What happens outside of coho, stays outside of cohousing

I was lucky enough to be chosen by the World War Two museum in New Orleans to participate in their Real World Science program for teachers. The leader, Rob, created a friendly atmosphere and the group became a community and we all still keep in touch. Due to the pandemic, they didn’t meet last year and this year was virtual so some alumni participated and many said how their groups were the same as ours. Leaders matter. Rob made that warm, welcome environment whereas that same summer I went to another teacher workshop where we barely spoke to each other.

It was also New Orleans where fun is part of the DNA.  It was the summer before I moved into cohousing so I thought – this is going to be my life. Hanging out and having fun with a cool group of people like I am doing this week.

That didn’t happen. I heard someone else in my community wonder why their summer grad school group was so close and why cohousing was so different.  We knew that it’s different to spend a week or a summer together, but both of us wanted more of what we had.  Plus, for one week or one summer, conflicts won’t arise as say, living together all the time.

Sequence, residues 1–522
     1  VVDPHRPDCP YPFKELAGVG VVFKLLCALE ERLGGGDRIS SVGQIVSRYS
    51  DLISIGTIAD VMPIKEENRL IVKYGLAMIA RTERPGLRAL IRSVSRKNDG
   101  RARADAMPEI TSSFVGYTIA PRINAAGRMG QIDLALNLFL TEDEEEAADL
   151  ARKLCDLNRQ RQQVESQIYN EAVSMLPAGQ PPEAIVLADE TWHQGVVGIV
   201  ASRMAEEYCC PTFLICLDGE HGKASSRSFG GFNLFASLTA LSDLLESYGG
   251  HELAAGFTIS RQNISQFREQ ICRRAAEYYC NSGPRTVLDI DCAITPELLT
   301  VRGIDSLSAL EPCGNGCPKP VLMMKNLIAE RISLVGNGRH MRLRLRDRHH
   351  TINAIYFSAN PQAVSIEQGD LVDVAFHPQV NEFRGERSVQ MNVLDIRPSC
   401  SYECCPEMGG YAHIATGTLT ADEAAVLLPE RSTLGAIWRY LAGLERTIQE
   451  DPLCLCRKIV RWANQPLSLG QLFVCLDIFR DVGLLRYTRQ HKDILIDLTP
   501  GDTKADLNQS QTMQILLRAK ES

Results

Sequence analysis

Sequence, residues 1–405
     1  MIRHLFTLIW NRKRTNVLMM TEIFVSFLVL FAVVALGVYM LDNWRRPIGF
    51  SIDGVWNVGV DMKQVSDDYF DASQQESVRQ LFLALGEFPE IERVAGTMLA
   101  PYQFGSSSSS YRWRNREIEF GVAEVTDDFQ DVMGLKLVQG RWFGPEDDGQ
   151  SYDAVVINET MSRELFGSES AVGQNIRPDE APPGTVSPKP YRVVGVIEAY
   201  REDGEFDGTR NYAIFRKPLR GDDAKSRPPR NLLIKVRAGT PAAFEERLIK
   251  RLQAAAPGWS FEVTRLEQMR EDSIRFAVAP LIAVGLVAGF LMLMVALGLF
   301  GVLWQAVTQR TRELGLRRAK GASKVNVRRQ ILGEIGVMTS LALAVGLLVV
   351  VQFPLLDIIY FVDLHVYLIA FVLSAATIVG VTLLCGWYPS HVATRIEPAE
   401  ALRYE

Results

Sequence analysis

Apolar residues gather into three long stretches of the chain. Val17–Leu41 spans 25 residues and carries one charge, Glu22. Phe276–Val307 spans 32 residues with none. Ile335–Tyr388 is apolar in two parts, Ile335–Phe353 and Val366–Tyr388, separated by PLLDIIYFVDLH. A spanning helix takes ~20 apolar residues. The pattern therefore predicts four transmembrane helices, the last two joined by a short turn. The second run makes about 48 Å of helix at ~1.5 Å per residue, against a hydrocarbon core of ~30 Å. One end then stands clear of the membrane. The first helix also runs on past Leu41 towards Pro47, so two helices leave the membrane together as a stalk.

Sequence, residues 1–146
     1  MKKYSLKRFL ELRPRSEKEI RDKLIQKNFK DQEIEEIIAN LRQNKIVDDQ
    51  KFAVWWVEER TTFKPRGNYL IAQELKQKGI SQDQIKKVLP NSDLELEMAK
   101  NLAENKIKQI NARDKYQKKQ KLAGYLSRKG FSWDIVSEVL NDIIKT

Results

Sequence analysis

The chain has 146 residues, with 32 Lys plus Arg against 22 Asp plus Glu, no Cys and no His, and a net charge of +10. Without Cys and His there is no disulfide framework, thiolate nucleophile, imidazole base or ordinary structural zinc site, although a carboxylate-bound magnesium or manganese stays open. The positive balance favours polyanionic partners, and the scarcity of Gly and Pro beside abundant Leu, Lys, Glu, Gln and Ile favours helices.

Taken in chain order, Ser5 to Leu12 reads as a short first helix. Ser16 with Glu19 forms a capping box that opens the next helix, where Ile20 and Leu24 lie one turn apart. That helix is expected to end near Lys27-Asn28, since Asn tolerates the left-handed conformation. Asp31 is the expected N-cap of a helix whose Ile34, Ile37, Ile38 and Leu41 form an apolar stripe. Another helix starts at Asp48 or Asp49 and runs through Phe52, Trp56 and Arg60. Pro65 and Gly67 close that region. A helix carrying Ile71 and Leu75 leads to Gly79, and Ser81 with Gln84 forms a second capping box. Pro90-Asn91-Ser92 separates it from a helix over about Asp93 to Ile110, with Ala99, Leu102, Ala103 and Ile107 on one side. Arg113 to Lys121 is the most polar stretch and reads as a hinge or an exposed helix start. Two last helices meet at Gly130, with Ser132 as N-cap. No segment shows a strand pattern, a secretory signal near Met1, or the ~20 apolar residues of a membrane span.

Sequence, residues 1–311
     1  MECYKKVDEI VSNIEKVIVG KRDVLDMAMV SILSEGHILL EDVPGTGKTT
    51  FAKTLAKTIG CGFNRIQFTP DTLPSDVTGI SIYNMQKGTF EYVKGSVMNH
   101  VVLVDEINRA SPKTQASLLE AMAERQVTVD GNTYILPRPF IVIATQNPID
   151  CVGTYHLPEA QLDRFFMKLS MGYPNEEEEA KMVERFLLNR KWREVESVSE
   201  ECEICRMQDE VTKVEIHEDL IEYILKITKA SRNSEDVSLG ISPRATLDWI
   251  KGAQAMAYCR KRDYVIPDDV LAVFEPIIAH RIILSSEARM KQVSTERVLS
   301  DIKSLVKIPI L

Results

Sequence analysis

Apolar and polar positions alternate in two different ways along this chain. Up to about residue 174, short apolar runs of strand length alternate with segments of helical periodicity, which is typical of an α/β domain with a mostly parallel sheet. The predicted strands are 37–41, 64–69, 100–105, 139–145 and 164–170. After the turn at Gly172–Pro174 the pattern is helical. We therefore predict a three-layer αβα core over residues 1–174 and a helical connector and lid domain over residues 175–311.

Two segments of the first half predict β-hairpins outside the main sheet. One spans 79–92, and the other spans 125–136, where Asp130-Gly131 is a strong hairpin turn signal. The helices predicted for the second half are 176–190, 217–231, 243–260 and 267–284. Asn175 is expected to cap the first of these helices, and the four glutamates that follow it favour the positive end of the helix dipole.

I also think leadership matters.  You have to step up as a democratic group and make the environment what you want it to be. Make a clear vision. Discuss values. Find ways to hold everyone accountable to policies.  Find ways that really work to deal with conflict – listening partners, feedback, restorative circles, systems in place that people really use, etc. It takes work to make all the fun and benefits of cohousing.

If you know of a teacher who wants to do history AND/OR science linked to World War 2 for elementary and middle school teachers, check this out: (Rob is in blue in the middle)

https://www.nationalww2museum.org/students-teachers/educator-resources/professional-development/real-world-science

About CJ

I was a Spanish teacher for 5 years in the Public School system in 3 different states. I homeschooled and taught at a democratic free school. I heard about cohousing in 2010 and wanted to move in right away. I met a group building one in 2018 and got to move in the summer of 2019. It only took a year to want out.
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